PORT ST. LUCIE PEOPLE
JOYCE MARIE MILLIGAN
Lives in: Port St. Lucie
Occupation: School crossing
Family: Son and his family live in
Stuart; daughter and son-in-law
live in Huntsville, Alabama
Education: B.S. in education from
Ball State University (Muncie, Indiana); master’s in music
education from University of Southern Mississippi
Hobbies: music, theater, crocheting afghans, Native American
bead-work (“My father was 7/8 Cherokee, from the
Who inspires me: “My dad. He overcame tremendous difficulties
and a horrible childhood to educate himself and go
Something most people don’t know about me: “I was offered
a fellowship at Eastman School of Music to pursue my doctorate
but had to decline. I couldn’t take two years off from my
teaching job. Those pesky things like bills, you know … the
finer things in life like electricity, insurance, groceries!”
As musical director for A.C.T. Studio Theatre’s recent production of A Christmas
Carol, Milligan worked with singers and actors of all ages. Shown here
are (left to right) Milligan, Brian Grien, Samyah Henry and Fletcher Morton.
looking up to guards as extra grandparents or mentors. “All
of our guards are excellent,” Salena says, “but Joyce is one of
Milligan’s posts, which she shares with two other guards
on the team, are particularly busy. After working at River’s
Edge Elementary School on St. James Boulevard, the team
moves just south to Southern Oaks Middle School to contend
with a divided highway as well as a single entry and exit system.
“The job is not for the timid, or the faint of heart,” says
Salena. “Even our officers compliment their work.”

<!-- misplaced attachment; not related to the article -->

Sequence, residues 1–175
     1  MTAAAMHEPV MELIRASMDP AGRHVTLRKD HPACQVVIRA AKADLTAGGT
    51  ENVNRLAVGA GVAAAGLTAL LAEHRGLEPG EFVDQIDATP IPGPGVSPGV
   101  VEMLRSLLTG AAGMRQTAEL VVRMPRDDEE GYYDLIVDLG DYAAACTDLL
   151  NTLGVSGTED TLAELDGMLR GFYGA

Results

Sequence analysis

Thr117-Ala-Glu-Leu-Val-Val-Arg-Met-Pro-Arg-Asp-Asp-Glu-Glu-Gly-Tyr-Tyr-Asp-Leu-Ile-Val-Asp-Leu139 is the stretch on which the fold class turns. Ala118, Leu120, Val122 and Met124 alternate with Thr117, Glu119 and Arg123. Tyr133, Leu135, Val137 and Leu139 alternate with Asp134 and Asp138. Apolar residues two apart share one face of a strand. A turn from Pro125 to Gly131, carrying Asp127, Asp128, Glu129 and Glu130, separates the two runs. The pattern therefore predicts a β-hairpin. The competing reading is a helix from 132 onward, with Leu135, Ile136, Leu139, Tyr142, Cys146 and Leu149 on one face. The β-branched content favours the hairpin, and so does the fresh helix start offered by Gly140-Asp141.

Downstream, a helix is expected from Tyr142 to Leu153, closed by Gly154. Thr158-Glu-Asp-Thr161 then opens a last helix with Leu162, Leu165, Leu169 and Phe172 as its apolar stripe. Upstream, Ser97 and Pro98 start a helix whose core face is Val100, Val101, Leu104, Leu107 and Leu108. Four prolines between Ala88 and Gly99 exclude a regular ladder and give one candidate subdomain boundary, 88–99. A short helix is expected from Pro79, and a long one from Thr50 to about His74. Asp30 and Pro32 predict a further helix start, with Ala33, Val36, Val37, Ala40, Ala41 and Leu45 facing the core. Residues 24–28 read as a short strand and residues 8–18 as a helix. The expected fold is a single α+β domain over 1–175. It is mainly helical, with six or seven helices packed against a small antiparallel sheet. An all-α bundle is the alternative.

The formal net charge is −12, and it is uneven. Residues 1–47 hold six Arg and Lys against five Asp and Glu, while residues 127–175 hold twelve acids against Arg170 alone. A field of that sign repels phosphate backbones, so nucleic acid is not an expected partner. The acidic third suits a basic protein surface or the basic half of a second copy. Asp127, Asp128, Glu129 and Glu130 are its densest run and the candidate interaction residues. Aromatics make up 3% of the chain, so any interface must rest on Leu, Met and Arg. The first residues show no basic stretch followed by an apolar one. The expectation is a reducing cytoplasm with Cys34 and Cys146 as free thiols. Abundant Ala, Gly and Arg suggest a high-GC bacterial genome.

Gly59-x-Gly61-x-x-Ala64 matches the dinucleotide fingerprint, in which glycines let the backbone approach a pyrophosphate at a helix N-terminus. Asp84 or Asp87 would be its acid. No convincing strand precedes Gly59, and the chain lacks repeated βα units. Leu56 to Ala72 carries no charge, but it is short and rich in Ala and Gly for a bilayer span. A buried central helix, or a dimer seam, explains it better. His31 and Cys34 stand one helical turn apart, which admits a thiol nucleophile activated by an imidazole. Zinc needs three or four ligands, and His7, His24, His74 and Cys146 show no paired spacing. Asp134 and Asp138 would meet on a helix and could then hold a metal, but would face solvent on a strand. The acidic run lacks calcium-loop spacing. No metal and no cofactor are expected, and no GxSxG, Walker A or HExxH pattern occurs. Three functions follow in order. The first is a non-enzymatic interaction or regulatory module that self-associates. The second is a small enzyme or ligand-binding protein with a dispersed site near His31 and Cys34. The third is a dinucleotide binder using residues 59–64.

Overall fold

Milligan, who admits she was scared the first time she
walked out into traffic, says that bad experiences are a regular
part of her week. “Frustrated people cuss at us. We take turns
with who gets to go first, and some people don’t like to wait.
They can be very juvenile.”
They can also be reckless. Milligan has almost been hit on occasion.
“How could they not see me in this neon green vest?”
If drivers zip through stop signs or speed through school zones
often enough to be recognized, license numbers are reported.
The police may go to the driver directly or perhaps station an
officer nearby to watch for further reckless behavior.
Students are, for the most part, more compliant. “Once in a
while, a student doesn’t want to follow the rules, but the supervisor
will talk to the principal or let the student know an officer
may show up at his house to discuss it with his parents.”
Like the ancient Persian quote associated with the United
States Postal Service, crossing guards sometimes face inclement
weather: Neither snow nor rain ... stays these couriers
from the swift completion of their appointed rounds. In case
of lightning, guards are allowed to return to their vehicles
only if no students are present. Before concrete light poles replaced
wooden ones, Milligan says she was working during a
storm and had just gotten into her car when lightning struck
the pole where she had been standing.
Lightning might send Milligan to her car, but spotlights?
That’s another matter. When she auditioned for a role in a
community theater production of Annie Get Your Gun in 1978,
she got the lead. “It was a baptism by fire.” She was also completely
Over the years, Milligan has served as stage manager, musical
director, choreographer and actor in amateur companies
as well as performing with a few professional dinner theaters.
“I used to prefer musicals, but the older I get, the less I sing.
I enjoy acting, though, and working with musical direction.”
Local audiences often see her at the Pineapple Playhouse in
Fort Pierce or A.C.T. Studio Theatre in Stuart.
In December, Milligan was both musical director and accompanist
for A.C.T.’s production of A Christmas Carol. This
involved rehearsals and performances after work, fitting in
her regular gig playing piano for First Baptist Church in Fort
Pierce. “You just change hats,” says Milligan.
As well as that neon green vest. E
Port St. Lucie Magazine 53
Milligan and the other guards get children safely from Point A to Point B,
but also might get to know the children well enough to notice problems.